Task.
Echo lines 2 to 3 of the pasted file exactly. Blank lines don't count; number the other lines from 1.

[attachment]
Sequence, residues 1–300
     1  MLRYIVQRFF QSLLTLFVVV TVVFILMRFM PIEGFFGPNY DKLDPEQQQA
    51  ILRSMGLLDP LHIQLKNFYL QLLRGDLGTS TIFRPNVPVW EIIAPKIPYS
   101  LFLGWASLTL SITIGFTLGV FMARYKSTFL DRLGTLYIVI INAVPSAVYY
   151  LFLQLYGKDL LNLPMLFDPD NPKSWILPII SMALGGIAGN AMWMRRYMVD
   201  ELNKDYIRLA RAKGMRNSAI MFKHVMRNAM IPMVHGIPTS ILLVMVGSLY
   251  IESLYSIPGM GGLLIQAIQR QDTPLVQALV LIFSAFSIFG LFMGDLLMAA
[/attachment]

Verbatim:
     1  MLRYIVQRFF QSLLTLFVVV TVVFILMRFM PIEGFFGPNY DKLDPEQQQA
    51  ILRSMGLLDP LHIQLKNFYL QLLRGDLGTS TIFRPNVPVW EIIAPKIPYS